Release Date: Oct 2, 2015
Record label: PIAS
Chris Urbanowicz’s departure from Editors in April 2012 was a hugely pivotal moment for the band, one that unfortunately resulted in a subsequent identity crisis for 2013’s The Weight Of Your Love. No longer relying on the punchy miserabilism akin to Interpol and Joy Division for early singles such as Blood and Munich that saw debut album The Back Room achieve a Mercury Prize nomination, guitars were being wrestled aside, a directional change that Urbanowicz had been heavily involved in. The Back Room has recently enjoyed its 10th anniversary, so for In Dream to become their fifth studio effort in just a decade despite the rocky road they’ve travelled is pretty remarkable.
Five albums into their career, Britain's post-punk stalwarts Editors dig deep for a cohesive set of sophisticated, nuanced songs rife with a hard-won maturity, which still retain all of the intense emotionality of their debut. Though Editors have experimented with their sound in the past, 2015's In Dream is the group's most well-rounded album to date, combining the best stylistic elements of each of their previous efforts. Here, we get the driving, angular guitars of 2005's The Back Room, next to the chilly synths of 2009's In This Light and on This Evening, all wrapped up in the expansive, church-studio production sound of 2013's The Weight of Your Love.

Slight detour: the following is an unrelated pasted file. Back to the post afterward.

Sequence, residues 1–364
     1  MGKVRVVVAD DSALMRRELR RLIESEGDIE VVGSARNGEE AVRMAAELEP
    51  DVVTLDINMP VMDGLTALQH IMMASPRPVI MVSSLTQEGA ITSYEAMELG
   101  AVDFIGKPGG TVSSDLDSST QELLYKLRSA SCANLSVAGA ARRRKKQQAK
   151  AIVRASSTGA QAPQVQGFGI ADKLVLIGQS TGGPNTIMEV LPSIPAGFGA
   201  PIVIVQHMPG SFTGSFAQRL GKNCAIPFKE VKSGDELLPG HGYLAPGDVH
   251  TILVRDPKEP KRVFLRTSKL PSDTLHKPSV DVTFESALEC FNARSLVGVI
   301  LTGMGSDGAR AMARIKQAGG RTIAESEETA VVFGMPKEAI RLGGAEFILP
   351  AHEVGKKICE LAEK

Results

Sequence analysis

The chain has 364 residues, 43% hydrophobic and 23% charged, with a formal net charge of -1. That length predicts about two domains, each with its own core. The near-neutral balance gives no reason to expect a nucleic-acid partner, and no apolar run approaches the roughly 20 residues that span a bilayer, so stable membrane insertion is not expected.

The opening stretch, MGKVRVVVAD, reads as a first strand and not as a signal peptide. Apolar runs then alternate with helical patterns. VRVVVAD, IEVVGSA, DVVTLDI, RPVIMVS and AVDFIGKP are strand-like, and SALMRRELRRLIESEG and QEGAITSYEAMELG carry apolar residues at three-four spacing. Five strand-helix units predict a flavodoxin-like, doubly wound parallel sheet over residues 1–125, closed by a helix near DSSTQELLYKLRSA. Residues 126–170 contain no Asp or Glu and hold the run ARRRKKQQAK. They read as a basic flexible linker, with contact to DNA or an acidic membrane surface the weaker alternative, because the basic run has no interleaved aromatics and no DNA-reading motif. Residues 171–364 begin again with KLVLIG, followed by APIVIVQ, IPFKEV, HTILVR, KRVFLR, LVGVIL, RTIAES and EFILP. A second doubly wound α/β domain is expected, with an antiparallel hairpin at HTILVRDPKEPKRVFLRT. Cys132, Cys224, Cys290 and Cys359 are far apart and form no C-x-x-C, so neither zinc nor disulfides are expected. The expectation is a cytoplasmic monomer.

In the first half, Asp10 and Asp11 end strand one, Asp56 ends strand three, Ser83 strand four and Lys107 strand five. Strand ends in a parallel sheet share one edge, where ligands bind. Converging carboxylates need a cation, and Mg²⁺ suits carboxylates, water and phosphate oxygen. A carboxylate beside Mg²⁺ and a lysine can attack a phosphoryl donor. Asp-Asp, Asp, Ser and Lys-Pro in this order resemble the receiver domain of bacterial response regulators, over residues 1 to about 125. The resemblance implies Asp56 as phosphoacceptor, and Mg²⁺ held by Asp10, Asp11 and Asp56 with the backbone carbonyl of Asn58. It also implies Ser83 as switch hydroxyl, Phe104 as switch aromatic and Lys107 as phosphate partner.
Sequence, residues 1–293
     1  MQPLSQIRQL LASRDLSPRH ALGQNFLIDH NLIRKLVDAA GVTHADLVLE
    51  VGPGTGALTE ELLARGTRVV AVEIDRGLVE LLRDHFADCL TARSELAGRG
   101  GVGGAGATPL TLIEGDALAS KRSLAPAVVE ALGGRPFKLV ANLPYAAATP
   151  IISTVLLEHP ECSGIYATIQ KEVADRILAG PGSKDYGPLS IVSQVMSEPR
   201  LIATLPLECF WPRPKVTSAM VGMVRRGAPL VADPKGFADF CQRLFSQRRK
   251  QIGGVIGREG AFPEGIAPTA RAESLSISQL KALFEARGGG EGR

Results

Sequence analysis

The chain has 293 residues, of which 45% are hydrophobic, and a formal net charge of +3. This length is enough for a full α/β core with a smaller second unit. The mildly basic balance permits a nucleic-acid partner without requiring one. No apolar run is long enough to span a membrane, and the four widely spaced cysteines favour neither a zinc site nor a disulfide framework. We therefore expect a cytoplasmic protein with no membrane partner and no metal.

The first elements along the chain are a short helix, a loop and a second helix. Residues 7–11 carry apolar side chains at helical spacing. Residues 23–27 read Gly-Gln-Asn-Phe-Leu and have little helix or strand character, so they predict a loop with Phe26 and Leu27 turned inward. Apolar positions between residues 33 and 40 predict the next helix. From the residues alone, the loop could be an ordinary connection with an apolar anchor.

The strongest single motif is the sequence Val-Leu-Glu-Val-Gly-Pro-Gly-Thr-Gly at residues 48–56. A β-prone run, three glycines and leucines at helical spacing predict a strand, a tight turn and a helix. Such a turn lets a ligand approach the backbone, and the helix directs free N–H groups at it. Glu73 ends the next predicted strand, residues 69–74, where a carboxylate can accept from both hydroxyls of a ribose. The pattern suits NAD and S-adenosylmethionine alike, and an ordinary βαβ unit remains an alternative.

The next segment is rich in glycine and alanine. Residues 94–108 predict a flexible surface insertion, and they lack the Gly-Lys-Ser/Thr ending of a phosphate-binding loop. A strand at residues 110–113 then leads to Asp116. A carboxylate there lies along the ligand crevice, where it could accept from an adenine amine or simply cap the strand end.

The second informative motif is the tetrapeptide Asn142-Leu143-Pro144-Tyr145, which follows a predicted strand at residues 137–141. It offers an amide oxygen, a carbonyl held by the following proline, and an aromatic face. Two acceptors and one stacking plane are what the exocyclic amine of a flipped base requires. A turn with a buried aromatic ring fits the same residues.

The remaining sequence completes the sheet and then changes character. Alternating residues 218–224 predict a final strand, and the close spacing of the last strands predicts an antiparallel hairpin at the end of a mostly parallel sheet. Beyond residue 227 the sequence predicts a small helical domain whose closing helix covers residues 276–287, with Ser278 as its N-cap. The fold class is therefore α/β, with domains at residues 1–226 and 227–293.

Up to now, you’d rate an Editors album by how much it diminished you. And by you, of course, I mean the female 'you'. The Back Room rendered my tiny existence obsolete – I could not be as troubled, as disturbed, as fallen as the 'you's that fell with such grace and lost their fingers in the factories, and had nothing in common but the blood in my veins.
You kind of have to feel sorry for Editors; they’ve historically been damned if they do and damned if they don’t. They seem to have picked up a reputation for being a little bit unadventurous, boring even, which has followed them around like a long shadow ever since they made the hardly unreasonable decision to follow up their universally-acclaimed debut, ‘The Back Room’, with more of the same on 2007’s ‘An End Has a Start’. Since then, they’ve made genuine efforts to diversify their portfolio; ‘In This Light and On This Evening’ experimented heavily with synth, while 2013’s ‘The Weight of Your Love’ played it straight and bold, referencing R.E.M.
Review Summary: Back-tracking on a back-track… Or just plain confused?Despite the “derivative” call-outs, English post-punk revivalists Editors have admirably been unwilling to stagnate over their now decade-long career. While the electronic experiment that was 2009’s ‘In This Light and On This Evening’ may have been a leap too far, the quintet appeared to be back on track with the still polarizing 2013 effort ‘The Weight of Your Love’. Falling somewhere in between those two records sound-wise, the band’s self-produced fifth LP ‘In Dream’ doesn’t make a great deal of sense.
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